- The Washington Times - Friday, September 19, 2008

It was in the waning days of the first week of camp when Obi Egekeze drilled a 45-yard field goal during practice and earned a congratulatory chest-bump from Maryland offensive coordinator James Franklin.

It sent Franklin sprawling, but no matter. Egekeze had just saved his offensive teammates from running a few laps at the end of practice, and later teammates mobbed him and treated him as a hero.

“Real big,” Egekeze said that evening.

Chances are he would do just about anything to feel the same way again.

On a team responsible for repeated laments of inconsistency from coach Ralph Friedgen, Egekeze is achieving the worst kind of predictability. The senior is 0-for-5 on field goals this season, a jarring decline for a kicker who was 17-for-23 last season.

Egekeze, who was not made available for comment this week, missed three field goals in the season opener. One bounced off the crossbar, but all were attempts of more than 40 yards. No biggie.

A week later against Middle Tennessee, Egekeze clanked a 37-yard attempt off an upright. Suddenly, there was reason for concern.

Matters devolved further Saturday when Egekeze’s potentially game-icing try from 27 yards sailed left - his sixth straight miss dating back to last year’s Emerald Bowl.

It has left Maryland (2-1) searching for any sort of solution entering Saturday’s game against Eastern Michigan (1-2). Egekeze and Nick Wallace, whose college experience consists of one season at Division II Indiana (Pa.), competed this week for the job.

“At some point in time, we’re going to have to do what’s best for this football team, and that’s find a consistent kicker, whether it’s Obi or whether it’s Nick,” special teams coordinator Danny Pearman said. “Kicking’s no different than at quarterback or guard or linebacker.”

Yet in some ways it is. Nearly all the time, a scholarship kicker’s reserve is a walk-on, so any sort of change is especially glaring. A kicker’s failures are more obvious than any other position.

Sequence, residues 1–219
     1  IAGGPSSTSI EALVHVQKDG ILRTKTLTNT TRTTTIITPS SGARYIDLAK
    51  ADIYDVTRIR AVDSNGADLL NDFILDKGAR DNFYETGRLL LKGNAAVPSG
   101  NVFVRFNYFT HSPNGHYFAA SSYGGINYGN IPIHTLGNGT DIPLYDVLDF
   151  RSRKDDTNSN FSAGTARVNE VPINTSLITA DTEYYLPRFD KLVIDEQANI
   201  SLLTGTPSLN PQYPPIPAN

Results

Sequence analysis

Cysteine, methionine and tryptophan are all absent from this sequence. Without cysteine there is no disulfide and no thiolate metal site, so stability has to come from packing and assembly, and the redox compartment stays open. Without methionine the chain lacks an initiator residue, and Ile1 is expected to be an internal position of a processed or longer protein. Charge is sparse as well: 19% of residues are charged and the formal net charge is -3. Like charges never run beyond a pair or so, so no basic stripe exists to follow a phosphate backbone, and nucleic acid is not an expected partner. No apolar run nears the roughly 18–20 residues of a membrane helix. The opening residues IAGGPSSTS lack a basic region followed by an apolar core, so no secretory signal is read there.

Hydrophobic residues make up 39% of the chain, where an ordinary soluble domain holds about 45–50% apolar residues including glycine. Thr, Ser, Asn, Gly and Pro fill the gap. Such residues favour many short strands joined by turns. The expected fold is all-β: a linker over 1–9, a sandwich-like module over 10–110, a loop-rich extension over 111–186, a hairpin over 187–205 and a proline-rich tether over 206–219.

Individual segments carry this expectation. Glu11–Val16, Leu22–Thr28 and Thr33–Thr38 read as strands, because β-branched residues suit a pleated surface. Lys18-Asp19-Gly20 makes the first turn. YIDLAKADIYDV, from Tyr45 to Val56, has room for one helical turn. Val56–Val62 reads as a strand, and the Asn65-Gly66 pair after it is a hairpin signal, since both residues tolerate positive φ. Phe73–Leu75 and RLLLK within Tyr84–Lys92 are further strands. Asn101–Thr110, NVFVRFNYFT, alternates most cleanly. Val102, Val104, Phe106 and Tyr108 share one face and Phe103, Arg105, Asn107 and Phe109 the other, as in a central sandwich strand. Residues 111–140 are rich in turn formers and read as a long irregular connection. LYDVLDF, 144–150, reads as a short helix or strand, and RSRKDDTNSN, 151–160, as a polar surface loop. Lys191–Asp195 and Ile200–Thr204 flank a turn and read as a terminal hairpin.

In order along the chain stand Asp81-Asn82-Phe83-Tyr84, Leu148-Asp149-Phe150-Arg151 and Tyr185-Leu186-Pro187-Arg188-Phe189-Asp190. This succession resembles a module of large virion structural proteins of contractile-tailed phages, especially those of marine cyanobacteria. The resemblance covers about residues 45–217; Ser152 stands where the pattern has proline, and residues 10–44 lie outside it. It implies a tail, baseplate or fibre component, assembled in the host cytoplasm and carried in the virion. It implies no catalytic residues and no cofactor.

And while a physical component is needed to kick, there is little question performance is tied to activity between the ears as well.

“It’s got to be mental,” Florida State coach Bobby Bowden said. “You get out there in practice, and you kick ‘em and you kick ‘em and you kick ‘em and you hit ‘em from 50 yards. I’ve seen them hit from 55 yards. Then you get into a ballgame, and there’s [70,000], 80,000 up there in the stands, another team is rushing as hard as they can.”

Perhaps patience is the wisest strategy. It’s the approach Friedgen employed in 2001 when then freshman Nick Novak missed his first five attempts and was just 4-for-11 when he lined up for a game-tying kick against Georgia Tech. He made it, then drilled the game-winner in overtime and went on to become the ACC’s career scoring leader.

Egekeze doesn’t possess quite so profound a legacy, but he was still solid in his first season as a starter last fall. Half of his misses came on a windy day at Rutgers, and he was 13-for-14 in ACC play, which suggests the physical component is not a problem.

“I think there is some similarities,” Friedgen said. “I think what Obi has to do is make a big kick. If he does, I think everything will change. He’s been kicking much better this week. I see him focusing on things he needs to get better at.”

Belief, whether unwavering or scarcely concealed teetering, is one way to bolster a faltering kicker. But even that can’t always make up for other issues, such as a new holder or snapper. The Terps have both this season.

Georgia Tech coach Paul Johnson said it’s usually worthwhile to stick with a kicker, whose struggles are often similar to a hitter in a slump. Sometimes, though, restraint can only take a team so far.

“What do you do?” Bowden asked. “You start looking around in the first place. You start asking your coaches, ‘Can any of y’all kick?’”

That moment could arrive soon for Maryland. Egekeze is expected to kick Saturday, and his first field goal attempt might be the most anticipated moment of the game.

On the surface, it looks nerve-wracking - a situation the Terps are desperate to reverse before conference play arrives.

“We can’t keep going out there and have your heart in your throat for a 30-yarder,” Pearman said.

Even if Egekeze is just one kick away from becoming a hero again.

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